Other very visible signs of a deficiency include peeling skin and nails. Common signs to look out for include flaky, irritated skin on the back of your thighs and booty, which is caused by a weakened skin barrier that makes your skin more susceptible to allergens.
6. You Are Experiencing Swelling or Inflammation
When you don’t eat enough protein, you may experience unexpected swelling in your lower extremities – your legs, ankles and feet. This swelling is caused by fluids that would normally be stored in your blood vessels that seep into the surrounding tissue.
You can tell if you are retaining water and swelling by pressing a finger to the area and seeing if a mark is left behind (mark = swelling).
7. You Always Feel Hungry
There are a variety of reasons why you might be hungry, including dehydration, but you might also be lacking adequate protein in your diet.
If you find you are always hungry, or you need a snack or two between meals, this might be your body’s way of telling you to eat more protein at each meal. Protein evens out blood sugar and keeps you feeling satisfied until your next meal.
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8. You Crave Desserts
If you are not just hungry, but you also specifically crave sweets, you might need more protein. Because protein regulates blood sugar and glucose levels, lack of protein might lead you to reach for a sweet treat.
If you eat it at each meal, you are less likely to have highs and lows with your blood sugar and those associated cravings.
9. You Are Always Tired
If you don’t get enough sleep or if you overexert yourself at work, home or the gym, you probably feel tired quite often. However, if you are tired in the middle of the day, your blood sugar and protein levels might be to blame.
Instead of taking a nap, which is not an option for most people, reach for a protein-rich snack and watch your energy levels improve.
10. You Feel Unable to Focus
When you don’t maintain your protein levels, you may experience brain fog. Protein balances blood sugar, which keeps you mentally focused and on-point. Don’t rely on carbs or sweets to keep you going. Instead, add some protein to each meal to keep your body and brain working clear and in-sync!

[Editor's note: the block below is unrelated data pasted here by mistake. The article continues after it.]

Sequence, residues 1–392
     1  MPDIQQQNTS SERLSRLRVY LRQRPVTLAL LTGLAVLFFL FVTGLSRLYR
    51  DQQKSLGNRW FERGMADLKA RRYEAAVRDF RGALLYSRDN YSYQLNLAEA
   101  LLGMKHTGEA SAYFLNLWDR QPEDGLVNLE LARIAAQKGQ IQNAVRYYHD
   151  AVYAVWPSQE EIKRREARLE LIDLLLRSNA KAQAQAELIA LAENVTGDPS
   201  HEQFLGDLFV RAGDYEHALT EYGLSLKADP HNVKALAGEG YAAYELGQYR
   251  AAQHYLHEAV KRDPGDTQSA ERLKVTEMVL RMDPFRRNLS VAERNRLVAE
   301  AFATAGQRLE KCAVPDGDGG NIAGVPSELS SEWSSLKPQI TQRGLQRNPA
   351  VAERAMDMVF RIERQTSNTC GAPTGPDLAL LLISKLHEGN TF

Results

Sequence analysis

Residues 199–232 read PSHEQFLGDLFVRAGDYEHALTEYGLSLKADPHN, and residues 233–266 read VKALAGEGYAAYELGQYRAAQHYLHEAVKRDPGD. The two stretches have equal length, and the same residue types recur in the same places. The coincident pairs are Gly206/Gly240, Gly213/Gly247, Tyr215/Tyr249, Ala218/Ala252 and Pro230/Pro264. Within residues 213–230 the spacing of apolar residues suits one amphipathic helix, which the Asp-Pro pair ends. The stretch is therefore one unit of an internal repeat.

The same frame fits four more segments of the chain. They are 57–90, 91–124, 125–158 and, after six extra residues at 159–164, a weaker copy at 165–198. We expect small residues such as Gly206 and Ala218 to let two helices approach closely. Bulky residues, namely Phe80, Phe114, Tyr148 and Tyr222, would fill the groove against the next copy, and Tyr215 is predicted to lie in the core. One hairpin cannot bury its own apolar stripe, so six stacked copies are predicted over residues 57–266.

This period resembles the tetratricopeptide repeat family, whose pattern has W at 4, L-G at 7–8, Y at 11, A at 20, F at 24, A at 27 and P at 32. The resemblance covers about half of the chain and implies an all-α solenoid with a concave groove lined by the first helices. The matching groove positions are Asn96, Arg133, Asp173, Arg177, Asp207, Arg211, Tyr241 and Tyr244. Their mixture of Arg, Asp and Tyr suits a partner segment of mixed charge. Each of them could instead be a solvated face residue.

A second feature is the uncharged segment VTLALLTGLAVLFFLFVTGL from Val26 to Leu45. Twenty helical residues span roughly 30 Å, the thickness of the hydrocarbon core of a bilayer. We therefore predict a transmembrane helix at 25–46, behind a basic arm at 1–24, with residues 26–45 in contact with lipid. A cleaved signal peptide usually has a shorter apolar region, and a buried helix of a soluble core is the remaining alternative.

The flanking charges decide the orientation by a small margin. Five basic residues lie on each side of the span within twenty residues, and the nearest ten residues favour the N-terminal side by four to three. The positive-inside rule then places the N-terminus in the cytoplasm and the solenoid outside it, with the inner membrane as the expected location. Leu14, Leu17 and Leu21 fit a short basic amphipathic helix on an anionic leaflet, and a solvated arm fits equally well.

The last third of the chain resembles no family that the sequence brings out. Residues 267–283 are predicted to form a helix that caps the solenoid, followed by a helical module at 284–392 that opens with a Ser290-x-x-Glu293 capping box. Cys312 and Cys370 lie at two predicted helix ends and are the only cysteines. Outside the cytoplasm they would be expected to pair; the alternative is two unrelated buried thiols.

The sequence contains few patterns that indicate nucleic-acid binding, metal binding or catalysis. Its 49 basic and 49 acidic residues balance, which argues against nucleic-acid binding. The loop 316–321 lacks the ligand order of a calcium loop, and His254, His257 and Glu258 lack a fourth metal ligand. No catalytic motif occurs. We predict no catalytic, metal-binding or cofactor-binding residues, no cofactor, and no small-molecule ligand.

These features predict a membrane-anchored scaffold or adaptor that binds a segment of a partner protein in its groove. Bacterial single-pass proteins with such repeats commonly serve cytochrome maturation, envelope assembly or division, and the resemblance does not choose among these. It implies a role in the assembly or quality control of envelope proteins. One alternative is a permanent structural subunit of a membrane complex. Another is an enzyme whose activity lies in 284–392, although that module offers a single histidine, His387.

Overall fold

The Takeaway on Protein and Whether You’re Getting Enough
If you are experiencing these symptoms, you may have a protein deficiency. Increase your intake by incorporating protein-dense foods into your diet, or supplementing with a quick shake.
As mentioned in the introduction, the general recommended protein intake is based on the average sedentary adult. So if you are active and exercise regularly, that means you may need more protein day to day.
According to studies, higher protein intake will help maintain and build muscle. So if you are regularly active, you need more protein than the average sedentary adult.
While there are some conflicting study results over the best amount of protein intake for muscle gain, the most common estimate is .7 – 1 gram of protein per one pound of body weight.
Even though it is found in so many sources, protein deficiency is still very common among the elderly, athletes, frequent dieters and people with digestive issues, and those who are under stress or recovering from illness or injury.
Whatever you do, make sure that you get enough protein for your lifestyle to keep your body running to its optimal potential.
All included information is not intended to treat or diagnose. Always consult your healthcare provider for medical questions and before beginning or changing any dietary, supplementation, and exercise regimen.